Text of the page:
3. The special utility of the lily.

4. A word on this question of raiment. Life first, then clothing.

(A. J. Griffiths.)

or, God will take care of you.

I. So, then, THERE IS A GOSPEL IN NATURE. Under pretence of exalting what God has said in His Word we must not depreciate what He has done in His works. There is a gospel in nature, not the gospel. Christ comes as the interpreter of nature's gospel. This gospel of nature is especially for the poor.

II. THIS GOSPEL MUST BE MUSED ON. Nature's text must be studied — "consider." Multitudes are blind and deaf, not through misfortune, but from disposition. Nature's gospel has no vision for those who consider not.


1. God takes care of the lilies and the grass. They do not grow by chance.

2. From these specimens of nature Jesus preaches the good news of faith in providence. Men are better than birds, and more useful.

(J. Stoughton, D. D.)

The lily as an emblem of our blessed Lord (Song of Solomon 2:1).

1. Purity.

2. Admiration at the amazing power of God.

3. The unceasing watchfulness the Almighty One extends over all His works.

4. Humility. It delights in the valleys.

5. Contentment. Other flowers may boast that they grow in more conspicuous places, that their colours are more gay; but the lily is content to be as God made it.

6. Beauty.

7. A reminder of immortality.

(J. Norton.)

1. The first lesson which these silent preachers would have us learn is the unfailing care of God for His creatures.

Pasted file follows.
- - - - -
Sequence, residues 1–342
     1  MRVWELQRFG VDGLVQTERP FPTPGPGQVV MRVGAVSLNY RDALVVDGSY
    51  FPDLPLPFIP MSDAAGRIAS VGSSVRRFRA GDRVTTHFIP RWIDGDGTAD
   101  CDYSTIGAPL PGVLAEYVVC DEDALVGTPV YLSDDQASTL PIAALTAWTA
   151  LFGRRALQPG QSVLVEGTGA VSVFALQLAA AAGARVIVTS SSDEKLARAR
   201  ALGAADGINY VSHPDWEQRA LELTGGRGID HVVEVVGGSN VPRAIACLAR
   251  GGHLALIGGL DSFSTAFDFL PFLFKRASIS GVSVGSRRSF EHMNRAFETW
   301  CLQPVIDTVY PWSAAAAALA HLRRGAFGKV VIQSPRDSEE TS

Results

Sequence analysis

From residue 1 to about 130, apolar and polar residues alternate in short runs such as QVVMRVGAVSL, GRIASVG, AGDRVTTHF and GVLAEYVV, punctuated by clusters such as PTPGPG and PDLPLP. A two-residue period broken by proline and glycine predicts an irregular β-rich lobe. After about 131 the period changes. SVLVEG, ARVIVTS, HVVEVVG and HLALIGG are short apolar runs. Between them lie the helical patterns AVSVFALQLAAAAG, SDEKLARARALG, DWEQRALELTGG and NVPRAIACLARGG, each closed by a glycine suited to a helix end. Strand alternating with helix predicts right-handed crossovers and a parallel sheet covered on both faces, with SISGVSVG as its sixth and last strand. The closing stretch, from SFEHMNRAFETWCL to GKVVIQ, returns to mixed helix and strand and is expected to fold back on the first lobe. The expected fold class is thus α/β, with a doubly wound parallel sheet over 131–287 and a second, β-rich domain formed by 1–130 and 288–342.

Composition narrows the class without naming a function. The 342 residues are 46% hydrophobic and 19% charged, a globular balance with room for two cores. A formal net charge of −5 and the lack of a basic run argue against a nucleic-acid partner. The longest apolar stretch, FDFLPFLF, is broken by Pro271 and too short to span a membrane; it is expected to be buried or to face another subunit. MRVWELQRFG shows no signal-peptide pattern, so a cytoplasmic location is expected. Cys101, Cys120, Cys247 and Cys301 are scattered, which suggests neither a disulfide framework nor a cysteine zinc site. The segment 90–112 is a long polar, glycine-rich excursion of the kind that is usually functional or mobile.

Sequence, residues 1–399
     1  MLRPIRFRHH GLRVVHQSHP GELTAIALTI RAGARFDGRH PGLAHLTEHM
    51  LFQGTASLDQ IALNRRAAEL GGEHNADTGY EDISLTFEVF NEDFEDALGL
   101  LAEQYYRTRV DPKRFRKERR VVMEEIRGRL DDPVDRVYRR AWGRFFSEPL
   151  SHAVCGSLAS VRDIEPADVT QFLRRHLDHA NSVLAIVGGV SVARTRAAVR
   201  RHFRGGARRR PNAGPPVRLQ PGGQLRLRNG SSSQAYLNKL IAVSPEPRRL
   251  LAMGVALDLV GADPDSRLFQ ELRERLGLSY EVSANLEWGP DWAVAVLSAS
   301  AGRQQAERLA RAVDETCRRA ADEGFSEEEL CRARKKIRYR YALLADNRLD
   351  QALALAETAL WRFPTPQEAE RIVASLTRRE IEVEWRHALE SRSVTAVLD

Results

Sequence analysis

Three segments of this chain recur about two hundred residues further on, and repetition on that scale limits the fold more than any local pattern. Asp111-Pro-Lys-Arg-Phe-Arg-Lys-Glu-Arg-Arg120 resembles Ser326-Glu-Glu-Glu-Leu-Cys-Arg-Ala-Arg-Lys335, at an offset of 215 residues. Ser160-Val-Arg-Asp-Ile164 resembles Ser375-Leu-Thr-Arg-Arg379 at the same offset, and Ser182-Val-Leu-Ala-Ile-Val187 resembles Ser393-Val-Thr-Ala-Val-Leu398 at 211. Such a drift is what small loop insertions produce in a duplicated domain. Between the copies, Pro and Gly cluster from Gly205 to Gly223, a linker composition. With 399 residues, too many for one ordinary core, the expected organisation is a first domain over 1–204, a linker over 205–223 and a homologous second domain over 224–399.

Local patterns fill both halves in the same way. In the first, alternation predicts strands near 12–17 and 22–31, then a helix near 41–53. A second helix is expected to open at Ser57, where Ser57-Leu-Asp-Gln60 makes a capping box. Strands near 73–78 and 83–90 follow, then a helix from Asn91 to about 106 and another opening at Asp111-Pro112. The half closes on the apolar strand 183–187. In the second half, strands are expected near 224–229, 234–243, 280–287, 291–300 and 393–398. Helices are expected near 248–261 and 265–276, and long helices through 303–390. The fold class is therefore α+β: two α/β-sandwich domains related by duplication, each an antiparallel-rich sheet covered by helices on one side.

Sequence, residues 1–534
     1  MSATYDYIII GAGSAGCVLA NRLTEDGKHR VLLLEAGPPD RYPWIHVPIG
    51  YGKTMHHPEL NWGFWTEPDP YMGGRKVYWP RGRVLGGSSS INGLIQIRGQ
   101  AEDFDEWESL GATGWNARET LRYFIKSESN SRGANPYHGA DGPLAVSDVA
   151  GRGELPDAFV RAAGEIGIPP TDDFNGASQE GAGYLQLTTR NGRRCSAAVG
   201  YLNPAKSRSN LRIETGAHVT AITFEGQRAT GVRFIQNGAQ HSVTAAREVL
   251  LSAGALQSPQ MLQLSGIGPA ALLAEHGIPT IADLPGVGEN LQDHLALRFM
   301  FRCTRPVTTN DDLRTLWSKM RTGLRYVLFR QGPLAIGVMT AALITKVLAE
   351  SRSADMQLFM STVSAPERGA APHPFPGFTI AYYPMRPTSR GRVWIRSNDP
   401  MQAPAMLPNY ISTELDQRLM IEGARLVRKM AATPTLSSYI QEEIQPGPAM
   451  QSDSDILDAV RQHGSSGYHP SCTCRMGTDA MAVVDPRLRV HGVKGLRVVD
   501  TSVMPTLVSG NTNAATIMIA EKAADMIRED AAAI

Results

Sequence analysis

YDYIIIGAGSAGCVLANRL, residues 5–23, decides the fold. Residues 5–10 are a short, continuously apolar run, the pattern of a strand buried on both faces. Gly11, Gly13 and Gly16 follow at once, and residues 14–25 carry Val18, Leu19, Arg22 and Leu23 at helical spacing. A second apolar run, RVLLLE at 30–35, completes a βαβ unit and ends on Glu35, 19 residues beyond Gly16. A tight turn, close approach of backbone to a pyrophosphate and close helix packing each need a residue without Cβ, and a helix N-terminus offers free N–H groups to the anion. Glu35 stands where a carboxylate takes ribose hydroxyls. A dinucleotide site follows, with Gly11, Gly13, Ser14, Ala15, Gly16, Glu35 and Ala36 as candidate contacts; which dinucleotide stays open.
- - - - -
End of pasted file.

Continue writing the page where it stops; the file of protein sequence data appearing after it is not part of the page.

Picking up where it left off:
2. They indicate a resurrection.

3. The flowers teach us a lesson of usefulness.

4. The flowers teach us to be a comfort to our neighbours.

(Wilmot Buxton.)

In the highest part of the Peak of Teneriffe, far above the clouds, and in dry and burning waste, there grows a plant which, in the spring time, fills the air with delicious fragrance. There are some of us who may be condemned to live in a barren and dry land of hard work and lonely trouble. But loving natures and gentle words can make that desert blossom as the rose.

(Wilmot Buxton.)

Contentment without distrust.

I. They are CLOTHED WITH BEAUTY (1 Peter 3:3, 4).

II. They GROW WITHOUT ANXIETY. They never fret because of the heat, drought, rain, or cold. They pass through changes; are of different growth.


(Canon Titcomb, M. A.)

If the sun of God's countenance shine upon me I may well be content to be wet with some rain of affliction.

(Bishop Hall.)